ERCIM News No.37 - April 1999

Cross-Language Information System Evaluation

by Carol Peters

The development of methodologies and measures for system evaluation is an important topic in the information retrieval field. In recent years, the US National Institute of Standards and Technology (NIST) has done a great service to the IR community with the organisation of the Text Retrieval Conference (TREC) series in which various types of IR systems are evaluated by assessing their performance against set tasks ( Since 1997, TREC has included a track for cross-language information retrieval (CLIR) system evaluation.

The interest shown in the cross-language track since its introduction into the TREC conferences in 1997 (TREC-6) shows the importance of this emerging area. There are many applications where information should be accessible to users regardless of language. In the global information society, situations when a user is faced with the task of querying a multilingual document collection are becoming increasingly common. Many users have some foreign language knowledge, but their proficiency may not be good enough to formulate queries to appropriately express their information needs. Such users will benefit enormously if they can enter their queries in their native language, because they are able to examine relevant documents in other languages even if they are untranslated. Monolingual users, on the other hand, can use translations aids to help them understand their search results. There is thus a growing demand for efficient cross-language query systems; the aim of the CLIR evaluation effort is to stimulate research in this area by providing a forum for the exchange of ideas and communication of results and to help create the necessary test collections for effective evaluation.

The CLIR track at TREC-8

The main task of this year’s CLIR track is to search documents in a multilingual pool containing news documents in four different languages: English, German, French, and Italian. The goal is to retrieve documents from all languages, rather than just a given pair. This is to encourage groups to work with as many languages as possible. For each topic (ie, query), a list of document identifiers is to be submitted which are ranked in decreasing order of the estimated relevance of the documents; the list will usually contain documents in all four languages. The main evaluation will be based on this list, although a simplified task will be considered with only English and a second language. In addition, there will be a special subtask. This task consists of a second data collection from the social science field. The rationale of this subtask is to study CLIR in a vertical domain (ie social science) where a German/English thesaurus is available.

The experience of the first CLIR track showed that it is difficult to produce topics in several languages at a single site. Thus, since TREC-7, a distributed approach to topic creation and results assessment has been chosen. There are currently four different sites, each located in an area where one of the topic languages is spoken natively:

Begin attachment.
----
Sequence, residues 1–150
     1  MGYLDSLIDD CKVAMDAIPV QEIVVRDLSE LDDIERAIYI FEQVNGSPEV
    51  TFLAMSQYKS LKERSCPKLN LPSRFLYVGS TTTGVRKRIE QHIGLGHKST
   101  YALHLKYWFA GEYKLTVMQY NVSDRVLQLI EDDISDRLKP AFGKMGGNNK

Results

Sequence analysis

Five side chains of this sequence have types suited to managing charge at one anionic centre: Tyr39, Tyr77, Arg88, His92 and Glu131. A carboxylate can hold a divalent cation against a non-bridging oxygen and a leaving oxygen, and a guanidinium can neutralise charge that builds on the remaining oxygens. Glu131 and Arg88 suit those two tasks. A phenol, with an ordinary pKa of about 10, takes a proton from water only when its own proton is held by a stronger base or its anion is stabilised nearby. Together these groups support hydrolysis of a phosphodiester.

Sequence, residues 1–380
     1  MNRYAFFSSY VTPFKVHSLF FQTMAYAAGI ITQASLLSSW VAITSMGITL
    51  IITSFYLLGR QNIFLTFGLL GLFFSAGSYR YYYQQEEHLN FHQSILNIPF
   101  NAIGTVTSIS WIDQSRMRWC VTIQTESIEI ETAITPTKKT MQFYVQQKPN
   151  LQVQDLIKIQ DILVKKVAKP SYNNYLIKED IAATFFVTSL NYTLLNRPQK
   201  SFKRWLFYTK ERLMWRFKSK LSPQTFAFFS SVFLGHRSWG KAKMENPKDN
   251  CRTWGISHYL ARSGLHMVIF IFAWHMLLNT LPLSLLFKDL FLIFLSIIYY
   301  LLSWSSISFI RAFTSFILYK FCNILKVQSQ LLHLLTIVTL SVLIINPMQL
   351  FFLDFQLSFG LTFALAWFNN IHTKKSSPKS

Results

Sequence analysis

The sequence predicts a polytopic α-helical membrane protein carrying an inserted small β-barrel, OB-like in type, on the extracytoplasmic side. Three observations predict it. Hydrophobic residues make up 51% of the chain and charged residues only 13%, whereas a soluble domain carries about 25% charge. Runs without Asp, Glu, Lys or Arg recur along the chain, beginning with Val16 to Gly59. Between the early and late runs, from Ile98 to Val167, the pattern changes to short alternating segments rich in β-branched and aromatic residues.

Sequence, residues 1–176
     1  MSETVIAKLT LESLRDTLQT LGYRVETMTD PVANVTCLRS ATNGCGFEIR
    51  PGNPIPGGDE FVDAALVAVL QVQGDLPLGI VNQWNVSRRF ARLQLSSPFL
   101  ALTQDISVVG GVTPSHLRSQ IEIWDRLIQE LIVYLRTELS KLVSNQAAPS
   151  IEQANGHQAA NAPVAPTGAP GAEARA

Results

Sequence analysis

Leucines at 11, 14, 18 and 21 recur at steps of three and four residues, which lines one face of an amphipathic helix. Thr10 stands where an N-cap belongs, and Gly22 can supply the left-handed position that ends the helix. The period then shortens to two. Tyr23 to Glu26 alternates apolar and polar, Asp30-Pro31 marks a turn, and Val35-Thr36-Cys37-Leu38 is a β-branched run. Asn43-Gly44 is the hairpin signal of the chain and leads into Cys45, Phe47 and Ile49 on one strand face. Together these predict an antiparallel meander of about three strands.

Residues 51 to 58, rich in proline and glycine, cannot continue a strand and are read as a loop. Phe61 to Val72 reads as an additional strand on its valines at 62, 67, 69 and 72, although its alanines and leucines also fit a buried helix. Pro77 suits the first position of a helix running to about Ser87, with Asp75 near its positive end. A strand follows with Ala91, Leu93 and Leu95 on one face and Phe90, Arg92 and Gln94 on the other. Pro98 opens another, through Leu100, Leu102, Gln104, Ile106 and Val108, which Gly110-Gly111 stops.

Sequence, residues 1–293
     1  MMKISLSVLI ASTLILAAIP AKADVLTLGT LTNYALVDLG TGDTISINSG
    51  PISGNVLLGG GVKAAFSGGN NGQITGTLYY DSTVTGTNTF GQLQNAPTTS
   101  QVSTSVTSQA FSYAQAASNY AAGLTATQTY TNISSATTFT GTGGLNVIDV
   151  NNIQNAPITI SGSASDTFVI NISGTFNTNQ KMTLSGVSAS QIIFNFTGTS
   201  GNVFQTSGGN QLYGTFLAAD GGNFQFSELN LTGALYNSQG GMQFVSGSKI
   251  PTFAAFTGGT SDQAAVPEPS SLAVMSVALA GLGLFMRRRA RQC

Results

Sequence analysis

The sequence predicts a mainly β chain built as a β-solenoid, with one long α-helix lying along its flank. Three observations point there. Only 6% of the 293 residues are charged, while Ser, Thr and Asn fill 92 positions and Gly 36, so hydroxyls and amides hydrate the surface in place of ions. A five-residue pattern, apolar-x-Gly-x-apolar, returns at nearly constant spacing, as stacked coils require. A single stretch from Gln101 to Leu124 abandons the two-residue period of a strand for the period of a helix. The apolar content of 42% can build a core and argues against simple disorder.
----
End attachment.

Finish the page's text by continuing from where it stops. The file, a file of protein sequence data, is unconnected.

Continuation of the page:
The track coordinator is Peter Schäuble, EIT, Zurich, Switzerland.

Each site is responsible for creating a certain number of topics and for translating the topics created by the other sites into the local language. In this way, an equivalent set of topics is created for each of the four languages. Sites are also responsible for the evaluation of results against the local language document collection.

Although the CLIR track is coordinated in Europe, the results are presented in the United States, at the TREC Conferences in November. It is thus probably not surprising that, so far, the participation has been dominated by US groups. At TREC-7, there were nine CLIR participants: 6 from North America - 5 US and 1 Canada - and just 3 from Europe (1 each from France, Switzerland and the Netherlands). This is clearly not representative of the European situation where multilingual issues are an everyday reality. We very much hope that this imbalance will be at least partially redressed this year at TREC-8.

CLIR System Evaluation in 2000

Together with the TREC coordinators at NIST, we are now looking towards the future. It seems evident that issues regarding multilingual information retrieval system effectiveness will gain in importance in the next few years. We are thus seriously considering the possibility of setting up a European forum specifically for cross-language and multilingual system assessment. In this way, we could extend the scope of the current CLIR evaluation activity to cover other important, related issues, such as cross-language evaluation for multi-modal systems, monolingual evaluation for non-English IR systems, etc. Such a European forum would continue to participate with NIST but all coordination activities would be centred in Europe, including the maintenance of a repository of tools, training data and evaluation suites for use by the scientific community for system evaluation activities.

Please contact:

Martin Braschler - EIT, Zurich
Tel: +41 1 365 3052

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